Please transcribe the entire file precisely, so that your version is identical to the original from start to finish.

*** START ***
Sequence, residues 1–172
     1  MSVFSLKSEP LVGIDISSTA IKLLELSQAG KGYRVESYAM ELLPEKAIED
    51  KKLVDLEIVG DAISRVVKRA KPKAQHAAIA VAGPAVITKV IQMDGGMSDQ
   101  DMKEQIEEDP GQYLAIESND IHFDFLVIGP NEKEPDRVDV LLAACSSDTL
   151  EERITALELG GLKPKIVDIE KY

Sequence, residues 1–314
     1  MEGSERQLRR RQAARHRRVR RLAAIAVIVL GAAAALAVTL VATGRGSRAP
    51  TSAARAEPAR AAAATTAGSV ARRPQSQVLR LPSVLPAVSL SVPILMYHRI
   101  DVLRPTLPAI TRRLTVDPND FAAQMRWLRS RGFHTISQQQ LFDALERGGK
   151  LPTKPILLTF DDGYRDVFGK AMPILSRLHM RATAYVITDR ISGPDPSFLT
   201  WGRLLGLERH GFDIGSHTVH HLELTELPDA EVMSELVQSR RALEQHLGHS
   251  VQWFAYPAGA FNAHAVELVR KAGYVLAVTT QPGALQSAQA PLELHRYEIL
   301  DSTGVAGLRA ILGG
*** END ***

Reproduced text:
Sequence, residues 1–172
     1  MSVFSLKSEP LVGIDISSTA IKLLELSQAG KGYRVESYAM ELLPEKAIED
    51  KKLVDLEIVG DAISRVVKRA KPKAQHAAIA VAGPAVITKV IQMDGGMSDQ
   101  DMKEQIEEDP GQYLAIESND IHFDFLVIGP NEKEPDRVDV LLAACSSDTL
   151  EERITALELG GLKPKIVDIE KY

Sequence, residues 1–314
     1  MEGSERQLRR RQAARHRRVR RLAAIAVIVL GAAAALAVTL VATGRGSRAP
    51  TSAARAEPAR AAAATTAGSV ARRPQSQVLR LPSVLPAVSL SVPILMYHRI
   101  DVLRPTLPAI TRRLTVDPND FAAQMRWLRS RGFHTISQQQ LFDALERGGK
   151  LPTKPILLTF DDGYRDVFGK AMPILSRLHM RATAYVITDR ISGPDPSFLT
   201  WGRLLGLERH GFDIGSHTVH HLELTELPDA EVMSELVQSR RALEQHLGHS
   251  VQWFAYPAGA FNAHAVELVR KAGYVLAVTT QPGALQSAQA PLELHRYEIL
   301  DSTGVAGLRA ILGG